John Kerry then got up and said, these people represent the greatest in America. And it took a while for him to back off. Now, Democrats, for so long, have sort of sighed and rolled their eyes and say, oh, gee, you don‘t get it. They were just joking around, but I don‘t think it‘s us that don‘t get it. I think it‘s the John Kerrys out there that are running for office that don‘t get it, that sometimes it‘s OK to say, enough‘s enough. Let‘s have some decency out there. Let‘s draw lines. Let‘s understand that the First Amendment is a great right, but responsibility comes with it.
Am I off base to you and others in blue America?
REICH: Joe, I don‘t think you‘re off base, but I don‘t quite understand why you are blaming Democrats for what big corporations, including, let‘s say, NBC and a lot of big corporations, big advertisers and marketers, what they want to put on the air.
SCARBOROUGH: I‘m not blaming them.
SCARBOROUGH: You‘re off point.
REICH: Look, I think corporations do have responsibilities.
SCARBOROUGH: Hold on. You‘re off point. Robert Reich, Robert Reich, Robert, Robert, Robert, we‘re getting nowhere because you‘re off point.
I‘m not blaming Democrats for putting it on the air. I‘m saying, they ought to stand up more. Their leaders ought to stand up more and say, like Pat Buchanan did in ‘92, there‘s a cultural war. We need to protect our kids. And then you don‘t.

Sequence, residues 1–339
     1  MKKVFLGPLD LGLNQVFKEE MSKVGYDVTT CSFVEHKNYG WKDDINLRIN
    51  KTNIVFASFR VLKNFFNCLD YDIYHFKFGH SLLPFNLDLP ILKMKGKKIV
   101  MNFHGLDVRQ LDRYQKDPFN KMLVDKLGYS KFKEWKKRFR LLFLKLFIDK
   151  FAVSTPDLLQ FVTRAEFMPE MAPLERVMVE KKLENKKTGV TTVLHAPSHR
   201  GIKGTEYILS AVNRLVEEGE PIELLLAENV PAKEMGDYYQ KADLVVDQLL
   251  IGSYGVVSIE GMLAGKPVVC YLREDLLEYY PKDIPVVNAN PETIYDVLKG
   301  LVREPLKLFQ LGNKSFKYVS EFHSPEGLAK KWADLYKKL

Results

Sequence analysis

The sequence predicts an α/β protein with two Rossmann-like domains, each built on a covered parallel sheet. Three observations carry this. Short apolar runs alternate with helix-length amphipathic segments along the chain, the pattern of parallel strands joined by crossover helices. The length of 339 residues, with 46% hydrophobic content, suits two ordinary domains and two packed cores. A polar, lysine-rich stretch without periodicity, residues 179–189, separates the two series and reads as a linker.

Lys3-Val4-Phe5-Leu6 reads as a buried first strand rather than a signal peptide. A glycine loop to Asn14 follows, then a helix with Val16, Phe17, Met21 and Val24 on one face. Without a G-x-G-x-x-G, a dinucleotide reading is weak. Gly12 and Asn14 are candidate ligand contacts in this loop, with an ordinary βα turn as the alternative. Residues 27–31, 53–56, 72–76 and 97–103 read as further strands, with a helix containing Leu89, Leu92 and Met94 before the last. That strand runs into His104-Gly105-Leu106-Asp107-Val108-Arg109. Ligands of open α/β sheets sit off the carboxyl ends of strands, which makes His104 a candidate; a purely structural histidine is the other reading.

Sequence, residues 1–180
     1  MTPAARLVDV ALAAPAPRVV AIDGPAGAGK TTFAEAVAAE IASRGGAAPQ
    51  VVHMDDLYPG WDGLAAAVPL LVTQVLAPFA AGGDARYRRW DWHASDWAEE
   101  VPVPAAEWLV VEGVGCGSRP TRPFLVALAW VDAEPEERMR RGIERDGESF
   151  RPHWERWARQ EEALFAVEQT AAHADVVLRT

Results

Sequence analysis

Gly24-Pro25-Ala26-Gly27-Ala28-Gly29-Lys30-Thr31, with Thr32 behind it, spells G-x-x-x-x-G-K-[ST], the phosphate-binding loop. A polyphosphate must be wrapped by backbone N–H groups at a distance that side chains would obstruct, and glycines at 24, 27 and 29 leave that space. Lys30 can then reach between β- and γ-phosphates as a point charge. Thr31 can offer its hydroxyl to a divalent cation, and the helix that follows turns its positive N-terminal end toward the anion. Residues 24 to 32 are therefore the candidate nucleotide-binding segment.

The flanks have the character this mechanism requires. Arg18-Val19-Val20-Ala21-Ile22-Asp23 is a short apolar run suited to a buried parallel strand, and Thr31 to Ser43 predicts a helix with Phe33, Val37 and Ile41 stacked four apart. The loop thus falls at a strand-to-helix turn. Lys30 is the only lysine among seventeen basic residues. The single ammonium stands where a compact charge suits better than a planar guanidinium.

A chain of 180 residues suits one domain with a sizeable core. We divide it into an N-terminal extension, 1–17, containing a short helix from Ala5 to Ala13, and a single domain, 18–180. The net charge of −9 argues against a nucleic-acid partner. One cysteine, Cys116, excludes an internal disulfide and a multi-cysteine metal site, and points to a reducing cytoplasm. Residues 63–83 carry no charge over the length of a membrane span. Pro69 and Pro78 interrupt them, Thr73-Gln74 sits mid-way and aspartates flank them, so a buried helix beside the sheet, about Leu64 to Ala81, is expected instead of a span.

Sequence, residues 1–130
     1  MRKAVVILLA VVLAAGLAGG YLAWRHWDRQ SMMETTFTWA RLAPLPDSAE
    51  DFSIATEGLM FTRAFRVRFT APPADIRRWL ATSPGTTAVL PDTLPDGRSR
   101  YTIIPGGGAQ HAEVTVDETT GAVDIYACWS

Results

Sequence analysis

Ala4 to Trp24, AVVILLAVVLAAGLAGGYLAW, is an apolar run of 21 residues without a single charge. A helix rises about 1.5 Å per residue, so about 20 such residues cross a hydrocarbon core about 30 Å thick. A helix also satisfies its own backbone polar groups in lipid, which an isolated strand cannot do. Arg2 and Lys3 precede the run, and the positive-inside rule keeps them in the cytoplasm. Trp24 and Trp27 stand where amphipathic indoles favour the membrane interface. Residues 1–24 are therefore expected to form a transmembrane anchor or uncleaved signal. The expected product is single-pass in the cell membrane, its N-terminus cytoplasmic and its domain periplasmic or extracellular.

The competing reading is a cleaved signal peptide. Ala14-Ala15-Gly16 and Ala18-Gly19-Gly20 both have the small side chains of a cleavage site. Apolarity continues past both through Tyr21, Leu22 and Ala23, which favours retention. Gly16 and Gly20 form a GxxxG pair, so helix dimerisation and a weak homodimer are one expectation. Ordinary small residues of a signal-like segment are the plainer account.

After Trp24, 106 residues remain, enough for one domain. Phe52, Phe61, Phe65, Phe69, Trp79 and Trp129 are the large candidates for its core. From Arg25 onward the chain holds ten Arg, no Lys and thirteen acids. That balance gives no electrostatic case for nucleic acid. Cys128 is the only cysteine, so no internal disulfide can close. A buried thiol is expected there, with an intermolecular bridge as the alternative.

REICH: Well, there‘s no question. Look, I agree with you.
That‘s why Bill Clinton in 1996 called on every television manufacturer to put V-chips in the television, so that parents could have some control. All I‘m saying is that I don‘t think this is a Democrat or Republican issue. I think this issue is about corporate responsibility. And I think, if you ask which party and which candidate has been talking about the responsibility of corporations, basically, it‘s been Pat Buchanan, but it‘s also been Democrats for years, corporations that basically don‘t care about what—not only what‘s on the air or what they‘re advertising and how they‘re manipulating people and the decency or indecency that they‘re exposing children to.
They‘re also corporations that are putting jobs abroad and paying their executives $20 billion a year. That‘s a moral issue, too, isn‘t it?
REICH: Democrats talk about that. I haven‘t heard a single Republican talk about the immorality of what‘s going on in corporate America.
SCARBOROUGH: Well, I‘m a Republican. And I‘ve certainly talked about it.
But, Pat Buchanan, let‘s talk about it.
BUCHANAN: All right.
SCARBOROUGH: That doesn‘t move votes as much as George Bush talking -
· listen, I will tell you what. A parent in Topeka, Kansas, is a lot more concerned about what their 14-year-old daughter is seeing on the Internet than what job is outsourced over to India in Pennsylvania.